Review of “So Long, See You Tomorrow” by William Maxwell

Christopher P Jones
4 min readJul 9, 2018

Life is a long road. Image by C P Jones

In Virginia Woolf’s experimental novel The Waves, the wistful Bernard reflects “I have lost friends, some by death […] others through sheer inability to cross the street.”

The manner in which friendships meet their end, from the profound to the questionable, is a paradox that echoes through So Long, See You Tomorrow and helps propel the book into the moving work of fiction that it is.

Two friendships occupy the heart of Maxwell’s novel, and they contrast in virtually every detail. The first is in fact hardly a friendship at all. The book’s narrator, looking back from the perch of old age, recalls a single summer playing on the scaffolding of a building site where he makes the brief acquaintance of another boy, Cletus Smith. They spend a few simple hours together, and only scant details about the encounter remain: “I seem to remember his smile, and that he had large hands and feet for a boy of thirteen.”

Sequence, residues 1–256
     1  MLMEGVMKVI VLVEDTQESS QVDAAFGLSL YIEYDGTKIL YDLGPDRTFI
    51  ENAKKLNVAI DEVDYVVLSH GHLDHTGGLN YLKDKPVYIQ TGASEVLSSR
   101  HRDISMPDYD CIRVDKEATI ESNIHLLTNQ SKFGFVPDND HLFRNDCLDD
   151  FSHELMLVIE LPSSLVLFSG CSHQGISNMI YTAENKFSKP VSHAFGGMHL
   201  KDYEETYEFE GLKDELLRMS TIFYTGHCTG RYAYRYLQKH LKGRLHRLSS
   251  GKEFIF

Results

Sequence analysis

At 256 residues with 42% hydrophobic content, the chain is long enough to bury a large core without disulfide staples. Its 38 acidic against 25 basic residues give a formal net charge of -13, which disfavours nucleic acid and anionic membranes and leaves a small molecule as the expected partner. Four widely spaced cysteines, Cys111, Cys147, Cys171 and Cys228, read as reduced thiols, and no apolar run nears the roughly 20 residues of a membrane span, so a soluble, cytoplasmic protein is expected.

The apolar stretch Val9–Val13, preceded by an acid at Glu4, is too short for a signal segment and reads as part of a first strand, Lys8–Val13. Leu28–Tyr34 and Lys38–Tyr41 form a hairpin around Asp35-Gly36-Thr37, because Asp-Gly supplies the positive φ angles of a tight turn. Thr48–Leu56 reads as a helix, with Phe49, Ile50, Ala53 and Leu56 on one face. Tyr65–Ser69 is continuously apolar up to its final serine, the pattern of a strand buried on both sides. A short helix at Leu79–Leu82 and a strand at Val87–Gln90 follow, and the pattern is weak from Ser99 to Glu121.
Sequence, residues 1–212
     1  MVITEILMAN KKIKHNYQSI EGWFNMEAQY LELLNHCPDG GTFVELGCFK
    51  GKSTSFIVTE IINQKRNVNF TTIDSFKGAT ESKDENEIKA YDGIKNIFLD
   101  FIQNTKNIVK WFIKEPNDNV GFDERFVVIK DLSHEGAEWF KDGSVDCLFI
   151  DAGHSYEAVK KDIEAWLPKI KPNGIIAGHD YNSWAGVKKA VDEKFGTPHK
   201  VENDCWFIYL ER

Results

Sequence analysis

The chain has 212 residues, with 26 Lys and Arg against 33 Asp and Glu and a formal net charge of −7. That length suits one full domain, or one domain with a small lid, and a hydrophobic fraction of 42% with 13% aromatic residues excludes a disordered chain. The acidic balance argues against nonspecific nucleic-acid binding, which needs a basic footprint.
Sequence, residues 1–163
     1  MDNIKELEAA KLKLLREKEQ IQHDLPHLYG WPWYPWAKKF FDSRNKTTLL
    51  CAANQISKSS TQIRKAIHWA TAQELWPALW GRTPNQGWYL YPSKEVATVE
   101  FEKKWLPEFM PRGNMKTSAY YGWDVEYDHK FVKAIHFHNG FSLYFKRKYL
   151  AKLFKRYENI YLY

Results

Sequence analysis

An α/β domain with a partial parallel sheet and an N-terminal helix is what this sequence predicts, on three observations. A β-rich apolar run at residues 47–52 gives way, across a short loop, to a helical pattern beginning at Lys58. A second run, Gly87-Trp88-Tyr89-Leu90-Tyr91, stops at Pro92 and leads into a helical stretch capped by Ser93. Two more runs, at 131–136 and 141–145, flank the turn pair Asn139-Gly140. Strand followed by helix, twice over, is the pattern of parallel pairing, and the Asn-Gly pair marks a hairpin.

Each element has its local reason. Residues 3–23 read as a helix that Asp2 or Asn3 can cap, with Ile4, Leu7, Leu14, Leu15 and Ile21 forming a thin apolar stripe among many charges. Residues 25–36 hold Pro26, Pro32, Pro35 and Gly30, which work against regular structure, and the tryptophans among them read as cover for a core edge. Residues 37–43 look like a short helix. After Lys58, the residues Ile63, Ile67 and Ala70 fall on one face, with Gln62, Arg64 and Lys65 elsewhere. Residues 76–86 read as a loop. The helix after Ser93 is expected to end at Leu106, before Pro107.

Despite it’s brevity the friendship comes to dominate the thoughts of the aging narrator, since a deeper connection unites the two boys, that of having to come to terms with the loss a parent at a young age. For the narrator, this understanding can only occur in retrospect — “There is a limit, surely, to what one can demand of one’s adolescent self” — and begins with his recollections over the early death of his mother. Changes in the family situation are soon afoot, with a new stepmother to get used to, and later, the family’s upheaval to Chicago.

Details of the second friendship occupy much of the second half of the novel, and describe the story of two local tenant farmers, one who dies at the hands of the other, with whose wife he has been having an affair. The jilted husband is the father of Cletus Smith; he later commits his own life to barrel of a gun, leaving a second child parentless.

The structure of the story is serpentine, slipping back and forth in time, and side to side between characters. Maxwell employs a paired-down prose that is direct yet not unyielding. Upon moving into a new home, the boy narrator finds it “too new to be comfortable. It was like having to spend a lot of time with a person you didn’t know very well.” On his bedroom wall he pins a map of North…